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NY Times: Group Says It Beat Music Security but Can't Reveal How

Jan 15, 2001, 17:00 (9 Talkback[s])

"Edward W. Felten, an associate professor of computer science at Princeton , is perhaps best known for his role in the Microsoft antitrust trial. During the trial, where he demonstrated a program that he said stripped the Internet Explorer browser from the Windows operating system, he spent hours explaining what he had done and how he had done it."

"But the professor has been far less forthcoming about a more recent hack, and at a conference last week he explained why: Lawyers have advised him that publicizing the details of his tinkering could violate a 1998 federal law called the Digital Millennium Copyright Act."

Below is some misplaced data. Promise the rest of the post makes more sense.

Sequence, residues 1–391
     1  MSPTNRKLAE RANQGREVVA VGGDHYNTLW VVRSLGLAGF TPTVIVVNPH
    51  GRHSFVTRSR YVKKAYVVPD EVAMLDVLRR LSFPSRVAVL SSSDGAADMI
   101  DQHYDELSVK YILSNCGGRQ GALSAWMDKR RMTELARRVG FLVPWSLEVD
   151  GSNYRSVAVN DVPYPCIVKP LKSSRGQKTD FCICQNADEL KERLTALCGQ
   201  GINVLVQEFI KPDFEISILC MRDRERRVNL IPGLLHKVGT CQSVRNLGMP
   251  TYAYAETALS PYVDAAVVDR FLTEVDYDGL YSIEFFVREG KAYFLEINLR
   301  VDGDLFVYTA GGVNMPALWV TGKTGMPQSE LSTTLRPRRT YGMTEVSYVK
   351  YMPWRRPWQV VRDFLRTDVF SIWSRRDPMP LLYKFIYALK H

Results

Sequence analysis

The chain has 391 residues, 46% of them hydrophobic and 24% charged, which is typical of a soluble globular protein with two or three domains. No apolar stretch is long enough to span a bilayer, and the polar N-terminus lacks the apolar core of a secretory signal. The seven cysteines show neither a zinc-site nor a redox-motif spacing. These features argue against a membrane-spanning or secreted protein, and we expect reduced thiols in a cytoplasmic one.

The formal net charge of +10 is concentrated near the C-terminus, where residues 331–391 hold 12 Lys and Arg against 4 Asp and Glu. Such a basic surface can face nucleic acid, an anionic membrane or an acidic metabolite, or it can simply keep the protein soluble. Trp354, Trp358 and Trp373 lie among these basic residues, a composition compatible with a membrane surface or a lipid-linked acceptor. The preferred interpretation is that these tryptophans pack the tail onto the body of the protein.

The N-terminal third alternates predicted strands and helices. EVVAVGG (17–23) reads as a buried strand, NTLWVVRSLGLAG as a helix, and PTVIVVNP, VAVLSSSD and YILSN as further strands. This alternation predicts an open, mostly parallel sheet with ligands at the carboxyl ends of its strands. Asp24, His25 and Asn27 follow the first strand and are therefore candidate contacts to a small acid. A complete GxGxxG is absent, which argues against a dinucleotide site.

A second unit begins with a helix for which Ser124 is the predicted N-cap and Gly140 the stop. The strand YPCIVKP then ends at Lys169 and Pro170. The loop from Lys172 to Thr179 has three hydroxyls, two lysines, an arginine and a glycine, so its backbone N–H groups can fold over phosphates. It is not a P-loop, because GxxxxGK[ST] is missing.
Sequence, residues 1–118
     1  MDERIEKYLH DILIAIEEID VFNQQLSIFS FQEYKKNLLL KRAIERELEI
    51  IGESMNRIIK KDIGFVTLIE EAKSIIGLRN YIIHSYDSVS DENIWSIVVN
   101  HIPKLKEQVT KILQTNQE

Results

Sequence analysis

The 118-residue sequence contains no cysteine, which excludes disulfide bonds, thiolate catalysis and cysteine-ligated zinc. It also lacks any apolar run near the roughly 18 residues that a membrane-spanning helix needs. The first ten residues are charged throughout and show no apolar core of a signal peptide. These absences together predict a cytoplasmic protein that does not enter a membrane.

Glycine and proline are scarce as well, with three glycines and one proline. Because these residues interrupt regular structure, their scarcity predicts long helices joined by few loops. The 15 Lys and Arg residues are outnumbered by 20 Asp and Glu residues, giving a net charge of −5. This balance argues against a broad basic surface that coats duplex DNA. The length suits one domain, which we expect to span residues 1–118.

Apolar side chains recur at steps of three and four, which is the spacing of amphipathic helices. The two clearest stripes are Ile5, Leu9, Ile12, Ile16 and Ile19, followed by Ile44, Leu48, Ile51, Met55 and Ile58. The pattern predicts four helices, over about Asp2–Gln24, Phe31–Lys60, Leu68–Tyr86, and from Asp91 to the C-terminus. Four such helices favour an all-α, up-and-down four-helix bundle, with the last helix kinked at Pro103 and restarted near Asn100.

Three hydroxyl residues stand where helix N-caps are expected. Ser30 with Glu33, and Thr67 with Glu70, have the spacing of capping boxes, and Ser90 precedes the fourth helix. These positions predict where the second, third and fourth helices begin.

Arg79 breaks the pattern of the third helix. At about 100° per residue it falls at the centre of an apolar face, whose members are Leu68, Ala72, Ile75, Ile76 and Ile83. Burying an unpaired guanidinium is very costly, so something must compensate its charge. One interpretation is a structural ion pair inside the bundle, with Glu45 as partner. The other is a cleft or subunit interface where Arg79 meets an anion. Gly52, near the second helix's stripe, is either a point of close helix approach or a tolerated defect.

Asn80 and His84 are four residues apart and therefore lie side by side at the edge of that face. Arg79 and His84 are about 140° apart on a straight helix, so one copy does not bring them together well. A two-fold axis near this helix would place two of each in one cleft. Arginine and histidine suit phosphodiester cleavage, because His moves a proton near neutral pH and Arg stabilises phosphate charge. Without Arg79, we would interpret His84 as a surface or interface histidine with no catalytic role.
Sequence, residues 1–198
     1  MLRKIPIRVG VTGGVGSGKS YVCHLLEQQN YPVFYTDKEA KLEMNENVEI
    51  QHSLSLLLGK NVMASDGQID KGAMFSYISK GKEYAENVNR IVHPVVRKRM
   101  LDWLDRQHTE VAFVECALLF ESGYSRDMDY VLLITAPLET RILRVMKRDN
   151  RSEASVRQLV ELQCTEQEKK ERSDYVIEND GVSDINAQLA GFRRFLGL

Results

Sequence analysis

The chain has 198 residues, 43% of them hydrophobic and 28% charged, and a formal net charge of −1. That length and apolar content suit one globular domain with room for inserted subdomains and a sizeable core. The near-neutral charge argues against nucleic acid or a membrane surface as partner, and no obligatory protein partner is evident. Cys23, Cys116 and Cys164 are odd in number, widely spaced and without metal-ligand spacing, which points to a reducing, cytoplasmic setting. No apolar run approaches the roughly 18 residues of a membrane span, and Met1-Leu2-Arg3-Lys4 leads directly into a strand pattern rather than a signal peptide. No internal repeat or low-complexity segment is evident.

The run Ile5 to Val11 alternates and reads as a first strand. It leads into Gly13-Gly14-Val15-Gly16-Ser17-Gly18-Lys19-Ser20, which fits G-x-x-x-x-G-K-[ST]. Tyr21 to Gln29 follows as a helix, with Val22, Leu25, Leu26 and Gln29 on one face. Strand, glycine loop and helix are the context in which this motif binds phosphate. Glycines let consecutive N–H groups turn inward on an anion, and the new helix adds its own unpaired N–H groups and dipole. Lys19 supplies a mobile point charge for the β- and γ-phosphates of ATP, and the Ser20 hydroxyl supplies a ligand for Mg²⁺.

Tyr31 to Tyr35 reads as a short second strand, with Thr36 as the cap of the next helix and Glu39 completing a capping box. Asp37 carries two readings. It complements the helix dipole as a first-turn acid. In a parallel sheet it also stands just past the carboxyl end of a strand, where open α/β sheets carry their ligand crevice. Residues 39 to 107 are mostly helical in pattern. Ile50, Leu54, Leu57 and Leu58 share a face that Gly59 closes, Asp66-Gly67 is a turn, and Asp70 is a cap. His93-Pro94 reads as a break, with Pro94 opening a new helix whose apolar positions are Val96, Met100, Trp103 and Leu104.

"As part of an industry competition to test the security of a digital music copyright protection system developed by a group of entertainment and technology companies, Professor Felten was part of a group that says it successfully disabled the system. But he said he was reluctant to make public the details of how it was done because the 1998 law made it a crime to manufacture or "offer to the public" a way to gain unauthorized access to any copyright-protected work that has been secured by a technology like encryption."

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